Sunday, October 14, 2007

Effortless Chic

Ok, so I want to talk about French women and their style. I had a funny encounter with a group of gorgeous women at the Cafe du Theatre, after they'd caught a concert, while I was enjoying a Grimbergen. They chatted me up briefly about the show, then drank glasses of wine elegantly. This is my favorite kind of French woman, and I could just look at them all day. But, a critique is in order.

Ladies, you're beautiful, you're trim, you're put together. In your forties, you have perfected a kind of jaded, haute couture hotness to launch a thousand ships, but you wouldn't be impressed when the boats came. You're bored and you're lovely and you arch your eyebrows at too much enthusiasm. But I don't buy for even a second that your hair swept itself into that flawless chignon. I don't think you just threw that military jacket over that perfect black dress on and looked like you stepped out of Vogue.

I threw on this hoodie and hat this morning, and I look like a young woman in a hoodie and a hat. That is how throwing things on works. Can we all just let go of the myth of effortless French chic? We all know you're a country that works hard to look like it isn't trying too hard.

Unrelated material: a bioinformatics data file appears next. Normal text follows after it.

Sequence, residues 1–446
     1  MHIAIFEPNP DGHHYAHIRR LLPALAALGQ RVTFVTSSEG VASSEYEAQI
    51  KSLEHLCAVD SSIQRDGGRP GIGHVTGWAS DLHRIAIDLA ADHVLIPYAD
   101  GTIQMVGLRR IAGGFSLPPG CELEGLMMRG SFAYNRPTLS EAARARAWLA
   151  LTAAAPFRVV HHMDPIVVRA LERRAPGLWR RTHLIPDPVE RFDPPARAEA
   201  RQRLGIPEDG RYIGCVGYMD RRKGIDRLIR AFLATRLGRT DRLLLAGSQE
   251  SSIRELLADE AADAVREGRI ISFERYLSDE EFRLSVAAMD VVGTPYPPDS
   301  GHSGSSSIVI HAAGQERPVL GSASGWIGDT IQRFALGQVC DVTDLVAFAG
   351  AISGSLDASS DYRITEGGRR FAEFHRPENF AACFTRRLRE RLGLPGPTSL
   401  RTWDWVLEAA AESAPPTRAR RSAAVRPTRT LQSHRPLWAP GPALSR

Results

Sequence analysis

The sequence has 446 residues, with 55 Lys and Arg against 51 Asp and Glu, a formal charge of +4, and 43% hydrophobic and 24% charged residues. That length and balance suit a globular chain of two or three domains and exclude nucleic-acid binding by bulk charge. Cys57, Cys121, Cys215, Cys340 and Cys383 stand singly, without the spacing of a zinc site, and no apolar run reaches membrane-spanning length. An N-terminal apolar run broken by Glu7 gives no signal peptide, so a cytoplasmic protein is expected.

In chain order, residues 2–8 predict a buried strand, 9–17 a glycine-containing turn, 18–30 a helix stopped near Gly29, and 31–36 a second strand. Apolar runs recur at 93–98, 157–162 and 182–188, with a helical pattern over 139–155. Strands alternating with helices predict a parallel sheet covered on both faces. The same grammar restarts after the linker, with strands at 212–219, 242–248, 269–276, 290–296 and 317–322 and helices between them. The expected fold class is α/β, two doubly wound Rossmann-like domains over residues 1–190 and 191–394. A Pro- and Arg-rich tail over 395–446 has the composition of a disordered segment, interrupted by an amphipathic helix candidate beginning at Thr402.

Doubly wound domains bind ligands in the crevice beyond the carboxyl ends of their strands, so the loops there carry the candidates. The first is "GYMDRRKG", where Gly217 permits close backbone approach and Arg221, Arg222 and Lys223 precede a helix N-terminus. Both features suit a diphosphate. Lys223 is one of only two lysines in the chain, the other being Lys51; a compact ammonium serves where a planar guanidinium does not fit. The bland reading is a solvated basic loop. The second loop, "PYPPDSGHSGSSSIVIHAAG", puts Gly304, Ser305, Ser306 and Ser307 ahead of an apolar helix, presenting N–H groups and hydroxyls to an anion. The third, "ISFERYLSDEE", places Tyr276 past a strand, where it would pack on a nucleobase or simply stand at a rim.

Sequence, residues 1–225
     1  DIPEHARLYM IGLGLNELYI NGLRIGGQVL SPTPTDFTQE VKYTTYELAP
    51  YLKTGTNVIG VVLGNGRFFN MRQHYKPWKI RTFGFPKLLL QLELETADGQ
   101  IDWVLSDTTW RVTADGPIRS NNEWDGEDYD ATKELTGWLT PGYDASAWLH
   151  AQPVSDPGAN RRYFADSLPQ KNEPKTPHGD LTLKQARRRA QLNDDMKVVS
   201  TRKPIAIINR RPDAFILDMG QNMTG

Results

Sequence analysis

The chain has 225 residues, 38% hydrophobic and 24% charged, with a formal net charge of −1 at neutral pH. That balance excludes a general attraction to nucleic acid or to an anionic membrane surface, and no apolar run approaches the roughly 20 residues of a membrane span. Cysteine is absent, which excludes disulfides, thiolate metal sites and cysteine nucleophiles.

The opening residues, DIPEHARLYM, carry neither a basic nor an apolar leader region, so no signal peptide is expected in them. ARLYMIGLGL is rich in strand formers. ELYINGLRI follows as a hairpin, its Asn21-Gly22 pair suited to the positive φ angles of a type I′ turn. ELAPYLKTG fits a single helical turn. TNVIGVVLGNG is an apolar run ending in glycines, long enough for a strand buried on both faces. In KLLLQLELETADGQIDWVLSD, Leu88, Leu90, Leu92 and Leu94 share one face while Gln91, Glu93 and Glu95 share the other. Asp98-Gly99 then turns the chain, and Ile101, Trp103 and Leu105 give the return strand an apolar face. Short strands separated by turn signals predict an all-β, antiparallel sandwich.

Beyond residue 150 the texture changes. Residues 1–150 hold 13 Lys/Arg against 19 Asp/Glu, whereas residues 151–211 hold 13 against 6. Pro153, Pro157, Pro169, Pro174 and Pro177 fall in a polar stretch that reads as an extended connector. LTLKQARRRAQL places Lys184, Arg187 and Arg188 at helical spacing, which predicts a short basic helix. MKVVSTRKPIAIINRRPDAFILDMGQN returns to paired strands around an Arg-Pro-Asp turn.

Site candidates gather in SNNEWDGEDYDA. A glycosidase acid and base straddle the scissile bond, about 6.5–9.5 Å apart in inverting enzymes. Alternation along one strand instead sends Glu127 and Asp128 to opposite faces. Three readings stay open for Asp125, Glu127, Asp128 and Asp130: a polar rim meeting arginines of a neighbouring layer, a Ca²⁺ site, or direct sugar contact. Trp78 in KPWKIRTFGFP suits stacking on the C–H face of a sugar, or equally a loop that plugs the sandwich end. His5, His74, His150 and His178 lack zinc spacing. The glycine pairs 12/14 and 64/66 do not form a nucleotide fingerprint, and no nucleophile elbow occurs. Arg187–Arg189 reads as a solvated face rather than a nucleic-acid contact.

Also, just so you know, readers, there are a lot of poorly dressed French people out there. There are a lot of unfortunate sweaters and harem pants and cavalier boots. There are a lot of man purses. The unifying factor seems to be that the French try harder at fashion than Americans do to mixed results. For instance, I saw a woman at Musiques de Rues with her hair dyed an atrocious shade of purple brown to match her outfit. And young men wearing white jeans and big belt buckles and track jackets are enough to make me wish I could go on literally blind dates.

So, if you were wondering what I was thinking about French fashion, as an inveterate clotheshorse that is my opinion. My first French clothes investment (which will probably have to wait till December) will be a good pair of brown flat boots.

On Sundays in France, everything closes, and you're left to make your own fun. Today I'm going to try to get some lesson plans put together and write a letter- later in the afternoon, when it's warmed up a little, I will hike up to the Citadel and read for a while. I hope all is well on the home front. Today I had a buttery cookie and a cocoa for breakfast. It was perfect.

1 comment:

Joe said...

I'm slowly working my way through your blogs, though I'm still a little behind. This is my fav so far. It's expressive yet self-realized. Your other blogs have been great, too, but this is my favorite for now.